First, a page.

In the evening of May 6, 1945, General Alfred Jodl arrived at the Western Allies' headquarters in Reims. His mission: surrender to the Allies, ending what became known as World War Two. He eventually signed the surrender treaty in the early morning hours of the following day.
But the Soviet leader Iosif Stalin could under no circumstances accept this. He insisted that the Germans officially surrender to the Soviets as well, which General Wilhelm Keitel did in Berlin on May 8 - May 9, Moscow time.
Part of the reason for this was pride; the USSR had borne the brunt of Allied casualties in fighting the Nazis. Stalin took credit for the Soviet war effort, and wanted the credit he considered his due. Another consideration, though, was more symbolic.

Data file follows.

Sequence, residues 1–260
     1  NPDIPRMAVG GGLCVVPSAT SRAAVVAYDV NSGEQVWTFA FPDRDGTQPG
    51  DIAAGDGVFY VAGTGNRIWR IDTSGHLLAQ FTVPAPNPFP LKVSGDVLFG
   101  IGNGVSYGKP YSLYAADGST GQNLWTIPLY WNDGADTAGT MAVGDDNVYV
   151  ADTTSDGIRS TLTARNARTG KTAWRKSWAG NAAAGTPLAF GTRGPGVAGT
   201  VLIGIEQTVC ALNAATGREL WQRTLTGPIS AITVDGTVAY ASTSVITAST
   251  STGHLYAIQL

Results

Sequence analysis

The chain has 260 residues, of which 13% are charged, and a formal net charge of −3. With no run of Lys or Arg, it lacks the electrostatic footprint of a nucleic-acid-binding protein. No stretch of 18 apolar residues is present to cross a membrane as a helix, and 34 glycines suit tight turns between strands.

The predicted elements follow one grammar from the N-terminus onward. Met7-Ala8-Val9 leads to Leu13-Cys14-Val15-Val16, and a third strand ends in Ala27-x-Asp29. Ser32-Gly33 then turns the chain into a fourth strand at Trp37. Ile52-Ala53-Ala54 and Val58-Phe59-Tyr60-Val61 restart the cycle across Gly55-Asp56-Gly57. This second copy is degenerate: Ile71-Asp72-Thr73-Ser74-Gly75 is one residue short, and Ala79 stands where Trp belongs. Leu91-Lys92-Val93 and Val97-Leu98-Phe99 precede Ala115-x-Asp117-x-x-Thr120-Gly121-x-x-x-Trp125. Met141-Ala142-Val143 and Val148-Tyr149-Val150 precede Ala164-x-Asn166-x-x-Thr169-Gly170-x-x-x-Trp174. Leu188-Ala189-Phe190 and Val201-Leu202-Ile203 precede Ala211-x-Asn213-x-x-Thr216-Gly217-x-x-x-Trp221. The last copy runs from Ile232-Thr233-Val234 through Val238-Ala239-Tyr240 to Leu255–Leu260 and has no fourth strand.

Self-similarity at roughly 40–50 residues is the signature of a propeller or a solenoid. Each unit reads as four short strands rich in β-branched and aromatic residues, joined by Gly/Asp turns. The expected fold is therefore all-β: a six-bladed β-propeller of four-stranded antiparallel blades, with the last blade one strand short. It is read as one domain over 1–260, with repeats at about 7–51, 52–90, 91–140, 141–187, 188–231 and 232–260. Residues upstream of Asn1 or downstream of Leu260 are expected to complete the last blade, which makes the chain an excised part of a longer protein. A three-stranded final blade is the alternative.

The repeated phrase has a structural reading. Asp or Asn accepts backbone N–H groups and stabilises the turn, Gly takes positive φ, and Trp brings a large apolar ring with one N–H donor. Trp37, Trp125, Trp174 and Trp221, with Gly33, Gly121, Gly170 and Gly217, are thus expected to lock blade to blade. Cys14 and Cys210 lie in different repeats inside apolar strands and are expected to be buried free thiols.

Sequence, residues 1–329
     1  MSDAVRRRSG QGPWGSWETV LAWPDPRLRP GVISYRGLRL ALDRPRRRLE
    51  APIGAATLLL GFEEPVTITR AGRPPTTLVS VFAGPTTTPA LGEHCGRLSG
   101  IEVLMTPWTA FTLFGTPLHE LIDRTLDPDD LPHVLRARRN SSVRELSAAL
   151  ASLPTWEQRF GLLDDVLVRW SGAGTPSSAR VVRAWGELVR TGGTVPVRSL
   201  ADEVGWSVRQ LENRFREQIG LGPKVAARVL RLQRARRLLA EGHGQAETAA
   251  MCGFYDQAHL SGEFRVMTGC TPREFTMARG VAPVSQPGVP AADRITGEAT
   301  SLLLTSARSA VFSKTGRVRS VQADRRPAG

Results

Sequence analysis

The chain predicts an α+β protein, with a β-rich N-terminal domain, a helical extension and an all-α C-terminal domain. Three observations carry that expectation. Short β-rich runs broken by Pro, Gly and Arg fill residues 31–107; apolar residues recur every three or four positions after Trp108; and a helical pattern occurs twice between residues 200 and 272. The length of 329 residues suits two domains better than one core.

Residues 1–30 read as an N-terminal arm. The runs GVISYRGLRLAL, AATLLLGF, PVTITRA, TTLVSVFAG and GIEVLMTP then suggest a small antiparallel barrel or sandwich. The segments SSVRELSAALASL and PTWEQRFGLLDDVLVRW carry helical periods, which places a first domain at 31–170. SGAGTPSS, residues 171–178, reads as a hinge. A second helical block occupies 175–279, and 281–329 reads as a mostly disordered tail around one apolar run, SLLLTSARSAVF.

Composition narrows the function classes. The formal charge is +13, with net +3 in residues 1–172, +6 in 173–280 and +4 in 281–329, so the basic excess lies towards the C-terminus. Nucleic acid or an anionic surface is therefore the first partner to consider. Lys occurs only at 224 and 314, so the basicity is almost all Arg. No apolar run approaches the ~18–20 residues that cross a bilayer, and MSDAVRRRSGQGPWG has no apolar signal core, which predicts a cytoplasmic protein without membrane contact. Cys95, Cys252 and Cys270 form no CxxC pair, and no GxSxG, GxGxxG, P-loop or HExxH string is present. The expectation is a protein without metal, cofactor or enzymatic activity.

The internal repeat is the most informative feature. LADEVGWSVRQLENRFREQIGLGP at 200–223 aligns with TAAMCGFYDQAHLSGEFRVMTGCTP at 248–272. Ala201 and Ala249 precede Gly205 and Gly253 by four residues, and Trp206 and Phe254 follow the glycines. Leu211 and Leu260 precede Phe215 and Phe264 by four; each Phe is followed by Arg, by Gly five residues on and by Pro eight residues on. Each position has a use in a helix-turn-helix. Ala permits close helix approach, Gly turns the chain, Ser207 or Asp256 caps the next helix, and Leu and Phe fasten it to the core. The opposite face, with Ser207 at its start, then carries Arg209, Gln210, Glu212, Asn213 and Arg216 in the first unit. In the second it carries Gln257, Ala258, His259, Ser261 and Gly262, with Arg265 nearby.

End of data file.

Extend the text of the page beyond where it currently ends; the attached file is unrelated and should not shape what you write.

May 6 in the old Julian calendar still followed by the Orthodox faithful (whom the Communists had cruelly repressed) was the feast of St. George, the fabled dragon-slayer. In 1945, it was also the date of Easter. One can certainly understand why Stalin, as an atheist and Communist, would absolutely refuse to give that particular date any more meaning.
After the end of the war, Stalin had hundreds of thousands of liberated Soviet POWs either executed or sent to the gulag, so they would not be witnesses to his bumbling incompetence in 1941. He also turned on the victorious generals like Zhukov, jealous of their popularity. There was no room on the victor's pedestal for anyone but him. Especially not for God.
And so, May 9 became Victory Day in the Soviet Union, while the fact that the Germans surrendered on Easter became obscured by the fog of war.